A man in a shield wall is open to attack from the man in front and the two men to his left. He is dependent on his comrade on his left to protect him against their thrusts. A man in a shield wall is dependent on both his own shield and the offensive spear thrust of his comrades. For effective use, a shield wall requires its members to stay in line, and thus avoid exposing any man to individual attack on his flanks.
After an exchange of arrows, throwing spears, axes, maces and sling shot the shield walls would clash and spears used to attack the enemy. The dreaded long axe, introduced by the Danes would be used when events allowed a more open shield wall, easily cutting down both men and horses as the Normans found out at the Battle of Hastings at Senlac Ridge. Swords were only used when spear and axe had been broken or lost. If all else failed the shield itself could be used as a weapon, especially if it was of the older round type with an iron boss, though even a blow from than a kite shield can be very painful. In addition to matching shield wall to shield wall, an offensive wedge formation, known as the swine's snout, could be used to try and break the opposing wall. The defence against such a tactic was to withdraw your own shield wall in a V shape where the 'snout' was to strike, and attack the 'snout' on its flanks. To fight effectively in a shield wall requires strong discipline and implicit trust in the men with whom you stand shoulder to shoulder. It also requires constant and dedicated practice to ensure that it holds.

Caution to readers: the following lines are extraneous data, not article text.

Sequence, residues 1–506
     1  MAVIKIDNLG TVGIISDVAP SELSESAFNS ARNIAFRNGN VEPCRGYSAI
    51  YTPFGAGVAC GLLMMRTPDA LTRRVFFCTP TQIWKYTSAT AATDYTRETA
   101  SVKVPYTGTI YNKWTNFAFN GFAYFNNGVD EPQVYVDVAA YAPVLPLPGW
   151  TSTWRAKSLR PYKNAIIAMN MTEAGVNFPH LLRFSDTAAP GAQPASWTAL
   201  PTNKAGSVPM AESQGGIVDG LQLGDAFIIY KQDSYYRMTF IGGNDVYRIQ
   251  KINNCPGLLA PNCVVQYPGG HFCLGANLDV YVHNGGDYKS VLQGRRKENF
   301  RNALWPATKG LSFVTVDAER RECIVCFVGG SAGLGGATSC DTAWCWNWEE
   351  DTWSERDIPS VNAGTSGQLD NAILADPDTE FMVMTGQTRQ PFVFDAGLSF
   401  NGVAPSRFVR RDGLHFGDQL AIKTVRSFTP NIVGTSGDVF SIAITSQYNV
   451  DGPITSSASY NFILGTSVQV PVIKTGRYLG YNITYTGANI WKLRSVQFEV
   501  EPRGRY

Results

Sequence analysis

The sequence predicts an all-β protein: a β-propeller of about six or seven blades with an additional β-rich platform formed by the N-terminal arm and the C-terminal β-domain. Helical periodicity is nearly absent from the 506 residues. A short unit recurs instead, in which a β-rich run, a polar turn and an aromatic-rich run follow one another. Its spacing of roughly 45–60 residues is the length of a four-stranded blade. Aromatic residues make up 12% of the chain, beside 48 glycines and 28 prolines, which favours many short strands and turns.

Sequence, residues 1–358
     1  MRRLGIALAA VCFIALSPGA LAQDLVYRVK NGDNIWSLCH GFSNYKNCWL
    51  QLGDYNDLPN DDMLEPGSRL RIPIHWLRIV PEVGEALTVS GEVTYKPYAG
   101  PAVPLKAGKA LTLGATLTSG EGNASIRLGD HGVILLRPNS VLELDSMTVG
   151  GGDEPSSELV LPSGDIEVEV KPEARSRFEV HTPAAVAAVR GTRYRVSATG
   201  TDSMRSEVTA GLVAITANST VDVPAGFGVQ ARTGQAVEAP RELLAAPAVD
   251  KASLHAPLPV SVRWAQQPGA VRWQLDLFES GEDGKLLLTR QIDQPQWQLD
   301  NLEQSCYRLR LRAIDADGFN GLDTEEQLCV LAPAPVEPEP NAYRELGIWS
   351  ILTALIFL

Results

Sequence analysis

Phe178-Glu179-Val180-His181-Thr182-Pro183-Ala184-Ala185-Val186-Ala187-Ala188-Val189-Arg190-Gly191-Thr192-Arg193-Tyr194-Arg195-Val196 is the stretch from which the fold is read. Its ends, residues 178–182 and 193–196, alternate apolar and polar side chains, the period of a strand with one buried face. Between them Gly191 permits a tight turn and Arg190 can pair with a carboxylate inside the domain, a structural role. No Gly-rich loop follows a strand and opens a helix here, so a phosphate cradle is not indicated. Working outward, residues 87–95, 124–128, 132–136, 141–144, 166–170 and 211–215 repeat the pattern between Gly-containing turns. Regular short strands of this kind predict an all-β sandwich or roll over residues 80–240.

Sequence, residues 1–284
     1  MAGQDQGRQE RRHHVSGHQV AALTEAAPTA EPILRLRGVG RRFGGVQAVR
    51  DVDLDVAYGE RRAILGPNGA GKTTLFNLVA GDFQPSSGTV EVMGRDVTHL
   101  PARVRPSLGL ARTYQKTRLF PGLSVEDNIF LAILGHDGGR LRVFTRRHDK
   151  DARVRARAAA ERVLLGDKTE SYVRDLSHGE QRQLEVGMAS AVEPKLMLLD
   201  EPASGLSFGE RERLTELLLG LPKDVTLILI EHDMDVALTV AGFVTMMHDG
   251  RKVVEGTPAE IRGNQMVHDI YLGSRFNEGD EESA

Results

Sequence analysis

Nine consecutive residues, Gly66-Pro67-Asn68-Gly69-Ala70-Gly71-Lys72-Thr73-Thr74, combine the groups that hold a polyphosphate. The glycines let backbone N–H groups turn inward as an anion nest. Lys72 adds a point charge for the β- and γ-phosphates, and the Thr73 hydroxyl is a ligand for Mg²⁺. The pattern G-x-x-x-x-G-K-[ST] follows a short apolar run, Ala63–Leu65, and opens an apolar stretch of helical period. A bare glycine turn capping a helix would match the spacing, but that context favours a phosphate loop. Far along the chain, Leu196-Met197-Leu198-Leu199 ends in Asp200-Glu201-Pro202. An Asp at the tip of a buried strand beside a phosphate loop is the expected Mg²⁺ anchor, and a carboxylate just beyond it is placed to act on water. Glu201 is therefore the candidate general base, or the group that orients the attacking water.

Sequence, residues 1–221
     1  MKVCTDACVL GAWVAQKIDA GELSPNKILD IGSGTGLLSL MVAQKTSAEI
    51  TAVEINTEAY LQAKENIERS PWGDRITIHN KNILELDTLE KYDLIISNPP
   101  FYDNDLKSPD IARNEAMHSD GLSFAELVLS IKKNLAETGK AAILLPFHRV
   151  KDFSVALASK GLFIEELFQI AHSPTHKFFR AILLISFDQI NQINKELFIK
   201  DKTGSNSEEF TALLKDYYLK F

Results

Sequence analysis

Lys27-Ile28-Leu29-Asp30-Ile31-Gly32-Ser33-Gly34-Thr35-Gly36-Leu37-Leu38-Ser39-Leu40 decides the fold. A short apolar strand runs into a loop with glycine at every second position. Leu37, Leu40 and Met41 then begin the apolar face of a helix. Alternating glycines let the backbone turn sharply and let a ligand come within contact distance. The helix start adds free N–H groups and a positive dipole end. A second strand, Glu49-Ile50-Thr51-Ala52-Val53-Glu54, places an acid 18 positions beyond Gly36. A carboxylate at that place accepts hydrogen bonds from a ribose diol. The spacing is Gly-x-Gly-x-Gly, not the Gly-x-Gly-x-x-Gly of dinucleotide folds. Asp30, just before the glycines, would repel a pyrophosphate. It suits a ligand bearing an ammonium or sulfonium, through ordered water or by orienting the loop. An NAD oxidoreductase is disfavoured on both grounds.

Many who see the Bayeux tapestry, come to the conclusion that much of the Fyrd were little more than armed peasants (though a peasantry in the Continental sense has never existed in England). This misconception comes about for two reasons. Firstly, there is a scene depicting English armed with only shovels and picks being attacked by mounted Normans. The positioning of the illustration indicates it is either shewing a Norman foraging party or the Normans attacking men engaged in building defensive works. The second is the presence in the English force of many men not wearing a byrnie or a helmet. There are two points to be understood here. Firstly contemporary pictures often shew the English fighting or raiding in similar dress, indicating that it was not uncommon to have lightly armed skirmishers in an English army. Secondly, although not armoured, the men still have swords, shields, spear and axes, hardly the sort of thing a peasant would own, let alone know how to use effectively.